US2064735A - Signal device - Google Patents

Signal device Download PDF

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US2064735A
US2064735A US66291933A US2064735A US 2064735 A US2064735 A US 2064735A US 66291933 A US66291933 A US 66291933A US 2064735 A US2064735 A US 2064735A
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Prior art keywords
switch
means
circuit
signals
electro
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William R Curtiss
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Connecticut Telephone & Elec
Connecticut Telephone & Electric Corp
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Connecticut Telephone & Elec
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    • BPERFORMING OPERATIONS; TRANSPORTING
    • B60VEHICLES IN GENERAL
    • B60QARRANGEMENT OF SIGNALLING OR LIGHTING DEVICES, THE MOUNTING OR SUPPORTING THEREOF OR CIRCUITS THEREFOR, FOR VEHICLES IN GENERAL
    • B60Q1/00Arrangements or adaptations of optical signalling or lighting devices
    • B60Q1/26Arrangements or adaptations of optical signalling or lighting devices the devices being primarily intended to indicate the vehicle, or parts thereof, or to give signals, to other traffic
    • B60Q1/34Arrangements or adaptations of optical signalling or lighting devices the devices being primarily intended to indicate the vehicle, or parts thereof, or to give signals, to other traffic for indicating change of drive direction
    • B60Q1/38Arrangements or adaptations of optical signalling or lighting devices the devices being primarily intended to indicate the vehicle, or parts thereof, or to give signals, to other traffic for indicating change of drive direction using immovably-mounted light sources, e.g. fixed flashing lamps
    • B60Q1/387Mechanical temporisation

Description

Dec. 15, 1936. w. R. CURTISS SIGNAL DEVICE Filed March 27, 1953 i R 15w an". I l

' j ATTORNEY Patented Dec. 15, 1936 SIGNAL DEVICE William R. Curtiss, Meriden, Conn, assignor to Connecticut Telephone & Electric Corporation, Meriden, Conn., a corporation of Delaware Application March 27,

4 Claims.

This invention relates to signaling apparatus, and more particularly to electric signaling means for indicating movements of automotive vehicles.

One of the objects of the present invention is to 5 provide new and improved signaling means for indicating the movements of a vehicle.

Another object of the invention is to provide a novel signaling system adapted to indicate either an actual or a predetermined movement of a vehicle upon which the same is installed.

Still another object is to provide a novel electric signal for indicating the turning movements of a vehicle, which signal may be initiated by the operative and which will be automatically switched off after the completion of the desired movement of the vehicle.

A further object is to provide a novel directional indicating hookup for motor vehicles adapted to be energized when the steering wheels are in turning position except when the motor is not in operation.

A still further object is to provide a simpleand inexpensive signaling apparatus which may be readily installed on any type of automotive vehicle and which may be operated by the driver without interfering with his control of the vehicle.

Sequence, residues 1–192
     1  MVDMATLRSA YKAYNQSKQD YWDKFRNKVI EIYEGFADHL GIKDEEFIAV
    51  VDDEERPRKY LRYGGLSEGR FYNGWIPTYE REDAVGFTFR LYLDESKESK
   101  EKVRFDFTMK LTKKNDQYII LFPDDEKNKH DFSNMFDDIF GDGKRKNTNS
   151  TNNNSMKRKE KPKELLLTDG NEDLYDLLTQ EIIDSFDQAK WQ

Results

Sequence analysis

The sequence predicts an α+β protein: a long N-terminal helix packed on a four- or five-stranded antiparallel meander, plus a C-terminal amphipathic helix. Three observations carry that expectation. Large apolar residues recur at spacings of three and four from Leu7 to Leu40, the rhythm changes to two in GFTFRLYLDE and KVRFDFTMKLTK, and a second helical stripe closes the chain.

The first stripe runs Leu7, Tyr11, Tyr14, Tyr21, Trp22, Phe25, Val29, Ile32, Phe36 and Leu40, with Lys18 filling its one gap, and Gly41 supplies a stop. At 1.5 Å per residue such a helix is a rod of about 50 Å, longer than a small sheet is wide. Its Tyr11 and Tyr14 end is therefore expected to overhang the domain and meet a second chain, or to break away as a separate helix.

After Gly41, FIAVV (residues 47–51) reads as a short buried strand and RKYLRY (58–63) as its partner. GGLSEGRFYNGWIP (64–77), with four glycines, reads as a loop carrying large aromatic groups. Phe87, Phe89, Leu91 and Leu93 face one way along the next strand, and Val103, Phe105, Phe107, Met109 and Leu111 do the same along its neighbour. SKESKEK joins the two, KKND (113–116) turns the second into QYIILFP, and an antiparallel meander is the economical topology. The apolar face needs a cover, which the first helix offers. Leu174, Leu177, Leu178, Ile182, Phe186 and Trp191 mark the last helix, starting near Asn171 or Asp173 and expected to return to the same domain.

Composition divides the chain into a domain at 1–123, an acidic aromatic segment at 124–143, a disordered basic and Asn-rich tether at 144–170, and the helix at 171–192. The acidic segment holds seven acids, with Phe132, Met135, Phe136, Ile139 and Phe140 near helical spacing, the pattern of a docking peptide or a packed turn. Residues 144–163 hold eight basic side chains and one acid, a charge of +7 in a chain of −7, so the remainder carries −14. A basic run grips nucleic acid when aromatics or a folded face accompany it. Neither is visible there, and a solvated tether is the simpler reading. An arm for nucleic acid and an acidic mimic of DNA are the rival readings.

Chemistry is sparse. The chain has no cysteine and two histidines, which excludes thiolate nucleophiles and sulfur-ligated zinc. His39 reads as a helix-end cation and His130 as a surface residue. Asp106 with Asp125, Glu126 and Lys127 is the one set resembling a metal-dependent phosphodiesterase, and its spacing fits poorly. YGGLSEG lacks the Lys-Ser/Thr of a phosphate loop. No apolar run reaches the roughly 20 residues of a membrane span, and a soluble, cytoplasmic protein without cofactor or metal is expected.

The above and further objects and novel features of this invention will more fully appear from the following detailed description when taken in connection with the accompanying drawing. It is to be expressly understood, however, that the drawing is for the purpose of illustration only and is not designed as a definition of the limits of the invention, reference being had primarily for this purpose to the appended claims.

acters refer to like parts throughout the several views:

Fig. l is a diagrammatic view showing one form of the novel signaling system comprehended by this invention; I

Fig. 2 is a side elevation view, with parts broken away, of a switch which may be employed in carrying out the present invention;

- trating, by way of example, the subject matter of the present invention is shown diagrammatically in Fig. 1. In the form shown, the system comprises a plurality of electric signals 5, such as 55 lamps, adapted to be suitably mounted on a ve- In the drawing wherein like reference char- Fig. 3 is a cross sectional view of said switch 1933, Serial No. 662,919

the driver's intentions to the front and to the rear.-

A suitable source of electrical energy is pro.- vided for energizing the signals, said source, as shown, being constituted by a storage battery 6 which may be the usual battery employed in motor vehicles for the ignition system and headlights.

A novel signaling system is provided which employs an electric circuit for connecting said signals to said source whereby warning signals indicating the actual or predetermined movements of the vehicle may be given without interfering with the operators control of the car during the execution of the movement. As illustrated, a separate circuit is provided for each pair of signals 5, 5', both of said circuits including battery 6. A circuit for the right-hand pair of signals comprises battery 6, ignition switch 1, leads 8 and 9, coil in, lead ll, switch I! and leads I! and I4 to lights 5, returning through ground connections 15 to the battery. Switch i2 is preferably of the bush-button type which will reopen as soon as released by the operator. The circuit for the left-hand signals 5' is identical to that described for the righthand signals, and corresponding parts other than those common to both circuits are numberedlll', ll, etc.